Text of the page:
An expert panel led by former domestic intelligence chief Eckart Werthebach recommended on Thursday that the federal office of criminal investigation (BKA) be merged with the federal police (BPOL) to create a new mega-force.
The third pillar of the security architecture, the German customs administration, would remain separate and fall under the responsibility of the Finance Ministry.
Interior Minister Thomas de Maizière welcomed the recommendation and vowed to push ahead with the overhaul as quickly as possible. However he rejected suggestions that the new unified force be a German version of the United States’ Federal Bureau of Investigation.
“I don’t want a German FBI,” he said.
He said he didn’t want a US-style force that could overrule local authorities, as this would not be compatible with Germany’s federalist principles. Furthermore, the FBI acted “partly as an intelligence service with international associations,” which would breach Germany’s separation of surveillance and enforcement.
He said the overhaul would not involve staff cuts. BPOL has 41,000 staff and the BKA 5,300.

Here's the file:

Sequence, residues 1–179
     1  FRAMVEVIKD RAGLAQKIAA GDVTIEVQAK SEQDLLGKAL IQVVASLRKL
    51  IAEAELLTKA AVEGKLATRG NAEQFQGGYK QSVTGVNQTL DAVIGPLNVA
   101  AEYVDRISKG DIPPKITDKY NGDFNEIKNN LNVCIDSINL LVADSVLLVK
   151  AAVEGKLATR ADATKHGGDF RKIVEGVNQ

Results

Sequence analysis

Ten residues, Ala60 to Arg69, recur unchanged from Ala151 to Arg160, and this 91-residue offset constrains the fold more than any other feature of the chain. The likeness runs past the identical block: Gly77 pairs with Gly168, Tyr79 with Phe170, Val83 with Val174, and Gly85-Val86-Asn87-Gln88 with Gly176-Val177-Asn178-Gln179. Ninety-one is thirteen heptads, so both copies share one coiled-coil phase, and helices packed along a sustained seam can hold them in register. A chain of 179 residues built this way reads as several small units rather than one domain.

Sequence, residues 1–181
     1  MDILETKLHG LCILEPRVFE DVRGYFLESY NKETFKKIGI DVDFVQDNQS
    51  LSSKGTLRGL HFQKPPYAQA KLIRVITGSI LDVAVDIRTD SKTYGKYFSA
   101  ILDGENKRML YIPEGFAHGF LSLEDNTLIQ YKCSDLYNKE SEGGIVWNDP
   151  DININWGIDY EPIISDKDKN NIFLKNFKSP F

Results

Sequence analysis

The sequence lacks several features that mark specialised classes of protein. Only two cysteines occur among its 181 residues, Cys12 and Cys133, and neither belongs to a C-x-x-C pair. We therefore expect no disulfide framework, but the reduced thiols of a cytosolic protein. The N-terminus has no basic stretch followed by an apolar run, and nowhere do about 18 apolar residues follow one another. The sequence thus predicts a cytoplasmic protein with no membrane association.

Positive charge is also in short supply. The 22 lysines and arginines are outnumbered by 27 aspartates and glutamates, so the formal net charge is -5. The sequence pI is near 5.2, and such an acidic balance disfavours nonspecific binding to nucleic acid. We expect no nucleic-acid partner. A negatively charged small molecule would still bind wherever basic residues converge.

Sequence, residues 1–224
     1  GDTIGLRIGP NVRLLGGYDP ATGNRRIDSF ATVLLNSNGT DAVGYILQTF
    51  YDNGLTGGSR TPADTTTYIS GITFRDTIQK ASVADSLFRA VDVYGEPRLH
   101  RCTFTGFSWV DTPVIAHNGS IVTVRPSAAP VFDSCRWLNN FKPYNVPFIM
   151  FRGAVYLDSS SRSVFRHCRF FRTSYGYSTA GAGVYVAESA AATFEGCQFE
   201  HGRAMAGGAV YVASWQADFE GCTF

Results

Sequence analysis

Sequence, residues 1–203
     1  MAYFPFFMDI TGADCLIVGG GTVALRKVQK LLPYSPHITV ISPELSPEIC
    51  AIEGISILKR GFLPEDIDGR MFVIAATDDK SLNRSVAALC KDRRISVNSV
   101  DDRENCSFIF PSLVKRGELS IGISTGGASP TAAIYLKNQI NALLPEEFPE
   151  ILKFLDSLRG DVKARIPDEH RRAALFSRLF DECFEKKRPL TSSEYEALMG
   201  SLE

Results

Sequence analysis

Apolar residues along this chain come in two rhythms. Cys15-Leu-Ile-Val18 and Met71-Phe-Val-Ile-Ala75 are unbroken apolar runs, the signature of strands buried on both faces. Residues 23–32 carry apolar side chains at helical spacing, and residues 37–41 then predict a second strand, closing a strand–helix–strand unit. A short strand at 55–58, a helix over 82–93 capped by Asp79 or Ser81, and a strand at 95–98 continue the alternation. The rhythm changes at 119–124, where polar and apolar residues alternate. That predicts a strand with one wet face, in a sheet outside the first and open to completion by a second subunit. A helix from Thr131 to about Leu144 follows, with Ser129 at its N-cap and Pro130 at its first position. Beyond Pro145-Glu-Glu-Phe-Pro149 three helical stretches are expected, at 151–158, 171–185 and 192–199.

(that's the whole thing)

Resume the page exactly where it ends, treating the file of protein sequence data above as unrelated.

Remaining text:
BPOL, which evolved out of what used to be called the border police, currently has the roles of securing borders, guarding federal buildings, embassies and airports, and providing anti-terrorism squads and sky marshalls. The BKA is an investigative force that pursues crimes that are national and international in scope, such as organised crime. Most regular investigative police work is done by the various state police forces.
The newly named Polizei des Bundes will merge the two.
Werthebach, former president of the Federal Office for the Protection of the Constitution (Verfassungsschutz), said there had been “no serious security flaws” in the disparate branches. Therefore the panel had resolved to change the services by evolution rather than revolution.
The new federal police will made up of four pillars: a criminal investigative branch, a preventative force, a special operations and technology division, and an administrative wing that looks after staffing and the budget.
De Maizière vowed to set about creating the reforms quickly and said he hoped to have them in place by the end of the current legislative period in 2013. His department would examine the recommendations by spring and then make a decision about how and when to make the changes.